But Judas Iscariot, one of his disciples (the one who was about to betray him), said, ‘Why was this perfume not sold for three hundred denarii and the money given to the poor?’ (He said this not because he cared about the poor, but because he was a thief; he kept the common purse and used to steal what was put into it.) Jesus said, ‘Leave her alone. She bought it so that she might keep it for the day of my burial. You always have the poor with you, but you do not always have me.’
Judas sets up a false dichotomy here. Be extravagant in your worship OR help the poor. And a plain reading can be used (and has been used) to say "screw the poor, they're always going to be here anyway."
But I don't think that's what this is about. Scripture tells us that when we encounter the poor, we encounter Christ (Matthew 25) and that when we welcome a child, we welcome Christ (Mark 9). And this passage is telling us to be extravagant in our relationship with Christ. Shouldn't that mean we should be extravagant in our relationship to the poor.
When I think of Judas taking the perfume and selling it and giving the proceeds to the poor, the image that comes to my mind is a lot of money being spread over a lot of people so that everyone gets a little. That's our societal definition of charity -- giving just enough to survive.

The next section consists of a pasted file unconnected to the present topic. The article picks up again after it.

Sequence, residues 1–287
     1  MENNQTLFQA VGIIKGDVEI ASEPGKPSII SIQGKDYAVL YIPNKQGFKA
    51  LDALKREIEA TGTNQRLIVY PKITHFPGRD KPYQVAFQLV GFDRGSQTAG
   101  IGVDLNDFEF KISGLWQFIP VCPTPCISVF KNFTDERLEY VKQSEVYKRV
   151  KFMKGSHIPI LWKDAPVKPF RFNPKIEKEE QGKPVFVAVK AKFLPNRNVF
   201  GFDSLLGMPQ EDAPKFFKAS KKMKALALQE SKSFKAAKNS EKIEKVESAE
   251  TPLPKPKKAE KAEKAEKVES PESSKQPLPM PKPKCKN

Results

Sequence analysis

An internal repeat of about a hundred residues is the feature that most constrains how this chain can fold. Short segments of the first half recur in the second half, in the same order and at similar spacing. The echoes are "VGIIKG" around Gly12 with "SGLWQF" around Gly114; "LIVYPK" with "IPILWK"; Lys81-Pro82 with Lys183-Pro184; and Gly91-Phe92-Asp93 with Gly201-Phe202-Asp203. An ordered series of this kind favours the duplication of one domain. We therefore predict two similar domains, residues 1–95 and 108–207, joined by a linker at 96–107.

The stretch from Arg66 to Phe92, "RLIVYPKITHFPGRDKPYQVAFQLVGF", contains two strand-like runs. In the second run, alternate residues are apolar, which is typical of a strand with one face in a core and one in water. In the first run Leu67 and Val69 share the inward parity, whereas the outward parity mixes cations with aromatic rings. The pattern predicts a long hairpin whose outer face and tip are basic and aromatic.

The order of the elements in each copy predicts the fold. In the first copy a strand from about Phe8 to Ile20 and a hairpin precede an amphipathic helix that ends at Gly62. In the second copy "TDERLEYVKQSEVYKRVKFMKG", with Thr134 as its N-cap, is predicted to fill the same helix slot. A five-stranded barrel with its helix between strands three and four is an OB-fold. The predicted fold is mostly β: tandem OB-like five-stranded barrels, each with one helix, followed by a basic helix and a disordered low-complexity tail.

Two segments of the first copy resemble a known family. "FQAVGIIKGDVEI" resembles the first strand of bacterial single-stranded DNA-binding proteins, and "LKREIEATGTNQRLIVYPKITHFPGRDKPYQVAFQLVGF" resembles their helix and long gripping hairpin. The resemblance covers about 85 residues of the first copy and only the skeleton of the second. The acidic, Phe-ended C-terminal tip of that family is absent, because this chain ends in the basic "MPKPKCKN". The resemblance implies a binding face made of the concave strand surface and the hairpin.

But that's not what Christ is talking about. Christ is talking about extravagance. Christ is talking about the same standard by which you would treat your savior being the same standard by which you treat the poor. Excellence of care. Excellence of love. Excellence of opportunity.
That's what PIH and Orphans for Rwanda are about. That's what breaks us out of mindsets of charity from on high ... mindsets that I am convinced do nothing but perpetuate systems of poverty -- making it true that the poor will always be with us because we insist on treating "poor people" poorly.
This doesn't mean "a big screen HDTV" in every living room. More likely it probably means none of them in ANY living room. It's about saying there is one standard of excellence for all of humanity. And I need to look so carefully at where I go above it. And I need to stop myself before I decide that "good enough" still leaves others below it.
EGR resources and connects the church to embrace what one person, one congregation, one diocese and one church can do to make this mission of global reconciliation happen.
Want to find out more ... check our our website at www.e4gr.org.
"Christ's example is being
demeaned by the church if they ignore the new leprosy,
which is AIDS. The church is the sleeping giant here.
If it wakes up to what's really going on in the rest
of the world, it has a real role to play. If it doesn't,
it will be irrelevant."